In 2010, all three of Hamels, Halladay, and Oswalt set or came close to setting career-highs in K/9. There were slight rises in BB/9 for Hamels and Oswalt, but nothing large enough to cause concern.
I’m not arguing that age is irrelevant, but a pitcher moving from 32 to 33 years old isn’t a good enough reason — especially by itself — to expect poor performance, particularly from elite pitchers such as the aforementioned.
[Jayson] Werth will be badly missed in Philadelphia as the Phillies offense without him, while still strong, will be considerably weaker.
There is no question that losing Werth — a 5-win player on average — is a big blow to the offense. But consider that the Phillies lost a lot of players to injury. In terms of days missed, per BaseballInjuryTool.com:
In particular, Utley missed considerable time but was also not the same upon return, either. The injury bug hit the Phillies pretty hard last year and yet they still finished second in the National League in average runs scored per game at 4.77. Imagine what the offense would have looked like with everyone healthy, if Wilson Valdez didn’t accrue 363 plate appearances, and if Greg Dobbs and Juan Castro never existed.
It’s fair to say that the Phillies can make up a good portion of Werth’s lost production simply with everyone being healthy. Even if they do decline offensively, are they going to fall to the bottom of the pack with the Pittsburgh Pirates? At the very least, they will be average offensively, scoring between 4.3 and 4.4 runs per game. A full season of Oswalt (as compared to a half-season in 2010) and a full season of Lee can offset that.
The Phillies are an old team whose entire starting lineup, other than Dominic Brown, will be 30 or over in 2011.
Yeah, yeah, the Phillies are old. That’s an issue for 2013 perhaps, but not necessarily 2011.
The offensive core of Carlos Ruiz, Chase Utley and Ryan Howard is good, but it is not clearly better than the Giants core of Buster Posey, Aubrey Huff and Pat Burrell.
I wouldn’t exactly call Ruiz part of an offensive core. And what intrinsic purpose does a “core” serve anyway, other than as a rhetorical device?
Regardless, Utley finished 2010 with a .373 wOBA — a career-worst. Posey finished at .368. Howard was at .367 despite injury and facing a ton of off-speed stuff from left-handed pitchers — his Kryptonite. Huff put up a .388 wOBA, nearly 40 points higher than his career average, in what was a career year. Burrell was at .351.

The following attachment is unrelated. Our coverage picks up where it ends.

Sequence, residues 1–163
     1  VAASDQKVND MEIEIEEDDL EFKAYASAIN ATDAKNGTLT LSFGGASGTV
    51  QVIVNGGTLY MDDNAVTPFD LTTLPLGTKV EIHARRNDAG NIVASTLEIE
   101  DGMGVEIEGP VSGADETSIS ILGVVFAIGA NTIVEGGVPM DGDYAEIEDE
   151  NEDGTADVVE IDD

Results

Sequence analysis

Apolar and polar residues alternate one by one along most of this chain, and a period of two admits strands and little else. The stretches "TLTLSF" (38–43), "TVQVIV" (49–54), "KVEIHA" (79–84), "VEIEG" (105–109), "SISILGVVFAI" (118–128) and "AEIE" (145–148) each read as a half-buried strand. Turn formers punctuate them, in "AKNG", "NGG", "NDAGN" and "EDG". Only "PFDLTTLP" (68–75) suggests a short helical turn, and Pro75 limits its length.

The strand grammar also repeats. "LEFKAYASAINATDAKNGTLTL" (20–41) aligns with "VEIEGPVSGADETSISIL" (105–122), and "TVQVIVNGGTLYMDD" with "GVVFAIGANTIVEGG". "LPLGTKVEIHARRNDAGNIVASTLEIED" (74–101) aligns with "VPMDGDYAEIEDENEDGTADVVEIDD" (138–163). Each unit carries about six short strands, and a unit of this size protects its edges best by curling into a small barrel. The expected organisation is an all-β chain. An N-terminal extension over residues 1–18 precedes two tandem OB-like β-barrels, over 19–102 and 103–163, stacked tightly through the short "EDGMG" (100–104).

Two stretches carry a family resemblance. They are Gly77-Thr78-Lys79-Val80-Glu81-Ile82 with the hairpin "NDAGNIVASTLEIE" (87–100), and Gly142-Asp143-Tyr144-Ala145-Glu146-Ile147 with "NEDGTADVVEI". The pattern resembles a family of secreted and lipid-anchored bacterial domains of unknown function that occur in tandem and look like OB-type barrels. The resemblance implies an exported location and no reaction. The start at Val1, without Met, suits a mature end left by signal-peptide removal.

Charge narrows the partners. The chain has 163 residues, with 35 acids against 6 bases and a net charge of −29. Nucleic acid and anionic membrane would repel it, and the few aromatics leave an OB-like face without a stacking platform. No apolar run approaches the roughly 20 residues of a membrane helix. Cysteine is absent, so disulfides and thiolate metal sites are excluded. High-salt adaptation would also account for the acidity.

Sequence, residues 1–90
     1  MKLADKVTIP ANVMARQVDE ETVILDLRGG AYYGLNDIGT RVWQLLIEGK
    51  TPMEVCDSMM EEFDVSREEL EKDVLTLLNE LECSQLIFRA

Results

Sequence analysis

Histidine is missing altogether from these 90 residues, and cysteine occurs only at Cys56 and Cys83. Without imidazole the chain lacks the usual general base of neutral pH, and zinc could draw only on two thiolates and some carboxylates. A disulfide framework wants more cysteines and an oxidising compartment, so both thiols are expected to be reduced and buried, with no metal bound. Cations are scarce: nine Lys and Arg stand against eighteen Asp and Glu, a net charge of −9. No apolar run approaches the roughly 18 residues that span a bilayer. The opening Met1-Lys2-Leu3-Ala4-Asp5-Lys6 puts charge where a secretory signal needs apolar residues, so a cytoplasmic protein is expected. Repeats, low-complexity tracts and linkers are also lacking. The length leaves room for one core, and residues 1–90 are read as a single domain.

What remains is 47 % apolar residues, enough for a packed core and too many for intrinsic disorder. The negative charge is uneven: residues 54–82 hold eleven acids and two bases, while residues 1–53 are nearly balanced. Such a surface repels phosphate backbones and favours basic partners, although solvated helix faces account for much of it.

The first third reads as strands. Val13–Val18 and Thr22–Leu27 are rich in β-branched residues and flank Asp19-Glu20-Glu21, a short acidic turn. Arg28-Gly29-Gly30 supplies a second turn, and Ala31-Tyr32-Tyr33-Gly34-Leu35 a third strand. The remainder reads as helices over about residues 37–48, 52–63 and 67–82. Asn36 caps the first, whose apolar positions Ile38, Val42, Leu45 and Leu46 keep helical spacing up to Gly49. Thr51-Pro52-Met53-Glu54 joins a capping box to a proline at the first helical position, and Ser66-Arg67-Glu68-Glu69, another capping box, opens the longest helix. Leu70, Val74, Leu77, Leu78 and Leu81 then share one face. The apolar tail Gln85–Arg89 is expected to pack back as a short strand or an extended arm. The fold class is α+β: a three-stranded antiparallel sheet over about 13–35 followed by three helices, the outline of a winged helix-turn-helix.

Humoring the use of an “offensive core”, it’s still quite generous to compare the Giants’ core to the Phillies’.
Overall, the Phillies’ regular lineup is considerably better than the Giants’ at present.
Why are we comparing the Phillies to the Giants, though?
The supporting offensive players like Jimmy Rollins, Placido Polanco and Shane Victorino are all useful players, but unlikely to be impact players in 2011.
What is the definition of an “impact player”? And why does a team need to have five or six of them to have a good offense? This is just another rhetorical device — I wish people would stop using them!
Still, I would argue that Rollins and Victorino are “impact players” on defense and on the bases. They’re around average offensively — and average isn’t valueless, mind you — but they don’t need to have a bat in their hands to do damage. Even if Rollins’ past two seasons are indicative of future offensive production, he still remains one of the best defensive shortstops in baseball and still runs the bases well (2.7 EQBRR). Victorino is slightly above-average defensively and runs the bases extremely well (5.8 EQBRR).
And, as mentioned above, both Rollins and Polanco missed considerable time due to injury. Polanco in particular played much of the season hurt thanks to Tim Hudson.
There are reasons to expect the Phillies to have some struggles in 2012 and beyond. They may not be able to retain Cole Hamels or Jimmy Rollins; Domonic Brown may not pan out; any of their top four starting pitchers could suffer a tragic injury; Player X’s production could fall off a cliff; et cetera.
But 2011? There are few rational reasons to expect the Phillies to struggle based on presently-available information. Sure, there could be injuries and down years. Those happen, but one cannot expect them unless the information points in that direction. I could win the lottery, but it doesn’t mean I should spend every last penny in anticipation of my winning numbers getting called.